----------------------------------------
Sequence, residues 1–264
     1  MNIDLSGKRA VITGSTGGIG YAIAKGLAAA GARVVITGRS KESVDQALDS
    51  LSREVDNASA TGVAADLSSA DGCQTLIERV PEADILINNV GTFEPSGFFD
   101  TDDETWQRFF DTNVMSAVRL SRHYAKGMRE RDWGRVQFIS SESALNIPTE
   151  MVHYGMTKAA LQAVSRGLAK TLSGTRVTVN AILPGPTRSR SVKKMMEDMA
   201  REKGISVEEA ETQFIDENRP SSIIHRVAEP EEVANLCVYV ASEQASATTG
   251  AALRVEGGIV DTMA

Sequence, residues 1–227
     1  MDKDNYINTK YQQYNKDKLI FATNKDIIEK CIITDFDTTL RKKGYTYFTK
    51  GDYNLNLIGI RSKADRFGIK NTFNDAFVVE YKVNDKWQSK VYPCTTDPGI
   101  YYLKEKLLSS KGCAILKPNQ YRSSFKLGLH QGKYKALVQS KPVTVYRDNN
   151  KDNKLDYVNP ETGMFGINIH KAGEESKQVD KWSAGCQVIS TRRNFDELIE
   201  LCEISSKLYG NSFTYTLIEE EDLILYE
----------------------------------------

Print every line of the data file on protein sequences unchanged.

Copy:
Sequence, residues 1–264
     1  MNIDLSGKRA VITGSTGGIG YAIAKGLAAA GARVVITGRS KESVDQALDS
    51  LSREVDNASA TGVAADLSSA DGCQTLIERV PEADILINNV GTFEPSGFFD
   101  TDDETWQRFF DTNVMSAVRL SRHYAKGMRE RDWGRVQFIS SESALNIPTE
   151  MVHYGMTKAA LQAVSRGLAK TLSGTRVTVN AILPGPTRSR SVKKMMEDMA
   201  REKGISVEEA ETQFIDENRP SSIIHRVAEP EEVANLCVYV ASEQASATTG
   251  AALRVEGGIV DTMA

Sequence, residues 1–227
     1  MDKDNYINTK YQQYNKDKLI FATNKDIIEK CIITDFDTTL RKKGYTYFTK
    51  GDYNLNLIGI RSKADRFGIK NTFNDAFVVE YKVNDKWQSK VYPCTTDPGI
   101  YYLKEKLLSS KGCAILKPNQ YRSSFKLGLH QGKYKALVQS KPVTVYRDNN
   151  KDNKLDYVNP ETGMFGINIH KAGEESKQVD KWSAGCQVIS TRRNFDELIE
   201  LCEISSKLYG NSFTYTLIEE EDLILYE